• February 21st, 2020

Majority of IUM students enrol for education



Albertina Nakale

WINDHOEK – Over 50% of the student applications received by the International University of Management (IUM) are taken up by students who enlisted for education programmes.
Over the years, many tertiary institutions have been turning away students who wish to pursue fields of study such as education and nursing due to limited space.
IUM director for marketing and communication Gerry Munyama in an interview New Era yesterday said education has the highest enrolment at the university.
He revealed in 2019, the university had over 4000 students enrolled in various education programmes across all campuses. For 2020, he said registration is still ongoing but the current enrolment figures in education continue to exceed expectations.  “Although the university receives lots of applications in nursing, we have an annual intake ceiling of 50 students. There are just over 200 nursing students enrolled across the various periods of study levels,” Munyama noted.   
New Era queried why IUM has been turning away students over the years in the fields of education and nursing.
Munyama explained the delivery of educational programmes at the university level requires careful planning, and such planning is done usually in anticipation of student intakes in relation to related activities. He said it involves planning for physical facilities (lecture halls, laboratories, simulation facilities), as well as human resources particularly teachers and supervisors, among others.
Munyama noted a sudden surge of interest in a particular field (as in education and nursing in the past three years or so), if not carefully managed, is likely to disrupt the system, with adverse consequences on the internal effectiveness of the university programme.
“Instead of just turning such applicants away, what we do at IUM is give them professional counseling, whereby they are exposed to the range of opportunities available so they can have a better understanding of the options open to them. However, many applicants are visibly worried about job prospects and develop a narrow focus on current market signals and thereby lose out on an opportunity to develop their talents,” he stated.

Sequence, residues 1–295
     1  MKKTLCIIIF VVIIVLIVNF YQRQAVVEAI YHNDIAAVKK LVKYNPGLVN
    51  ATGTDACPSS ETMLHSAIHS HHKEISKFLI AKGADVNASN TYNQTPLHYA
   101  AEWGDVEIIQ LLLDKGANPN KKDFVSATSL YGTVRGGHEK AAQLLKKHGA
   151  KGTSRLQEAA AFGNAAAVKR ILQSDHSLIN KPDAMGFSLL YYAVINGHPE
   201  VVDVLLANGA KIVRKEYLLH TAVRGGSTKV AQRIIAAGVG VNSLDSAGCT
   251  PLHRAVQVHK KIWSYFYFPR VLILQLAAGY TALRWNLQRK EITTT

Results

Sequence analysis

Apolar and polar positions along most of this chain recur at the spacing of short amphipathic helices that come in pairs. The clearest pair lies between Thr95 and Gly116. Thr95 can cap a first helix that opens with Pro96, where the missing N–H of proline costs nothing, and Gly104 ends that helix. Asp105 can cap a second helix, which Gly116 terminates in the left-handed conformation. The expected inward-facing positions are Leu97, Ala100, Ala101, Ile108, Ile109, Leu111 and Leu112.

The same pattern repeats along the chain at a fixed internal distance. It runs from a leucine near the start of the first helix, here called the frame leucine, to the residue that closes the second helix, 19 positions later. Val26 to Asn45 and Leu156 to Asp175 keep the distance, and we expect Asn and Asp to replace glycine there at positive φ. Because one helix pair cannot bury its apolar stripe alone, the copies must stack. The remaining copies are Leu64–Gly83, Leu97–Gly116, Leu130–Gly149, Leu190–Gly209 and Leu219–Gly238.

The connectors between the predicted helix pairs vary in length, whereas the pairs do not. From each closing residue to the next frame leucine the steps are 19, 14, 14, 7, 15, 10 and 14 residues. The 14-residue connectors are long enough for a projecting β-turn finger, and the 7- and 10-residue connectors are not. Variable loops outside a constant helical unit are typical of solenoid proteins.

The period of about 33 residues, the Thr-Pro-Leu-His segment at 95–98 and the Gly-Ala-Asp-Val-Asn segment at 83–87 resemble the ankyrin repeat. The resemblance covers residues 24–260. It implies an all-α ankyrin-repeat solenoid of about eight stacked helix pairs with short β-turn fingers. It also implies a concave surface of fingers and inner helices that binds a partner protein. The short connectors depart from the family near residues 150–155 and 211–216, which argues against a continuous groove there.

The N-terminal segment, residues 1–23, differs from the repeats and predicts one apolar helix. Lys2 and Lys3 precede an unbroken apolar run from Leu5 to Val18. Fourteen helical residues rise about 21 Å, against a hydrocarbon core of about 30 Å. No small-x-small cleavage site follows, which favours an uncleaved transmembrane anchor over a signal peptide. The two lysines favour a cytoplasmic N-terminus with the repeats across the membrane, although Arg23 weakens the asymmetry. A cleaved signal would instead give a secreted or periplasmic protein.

According to him, the trend of applications is that this phenomenon is largely attributable to anxiety about the future world of work.
He noted potential students are confronted with questions such as what will they do with a qualification that does not seem to guarantee employment.
“The answer is not far-fetched; mostly, nursing and education graduates are in most cases automatically absorbed in the employment market in the country today. In order to alleviate their fears, students are being encouraged to see themselves not just as potential job seekers but potential creators of jobs,” he advised.
He said this is the major reason why IUM students across faculties take integrated courses in entrepreneurship so that whatever their discipline, they are encouraged to be creative in terms of business orientation.
To make it easier for potential employers, he indicated IUM has developed an internship programme which facilitates exposure of its students to the world of work for about six months or so before they graduate.
However, Munyama feels while higher education, because of its attribute of high-level skills, continues to hold promise for employment in the modern sector of the economy, it is not necessarily a guarantee.
“As society moves along further into the 4th Industrial Revolution, the workforce of tomorrow will demand not only higher education but re-education of current workers. Indeed, many of the traditional occupations that demand higher education will disappear from the labour scene, particularly, industries having to do with retail and trade, transportation, agriculture, office administration and support services, accommodation and food services and production and manufacturing industries,” he analysed.
Higher education will continue to provide the space for innovation and creativity that the new industrial revolution will require in the world of work.


Albertina Nakale
2020-01-30 07:16:28 | 22 days ago

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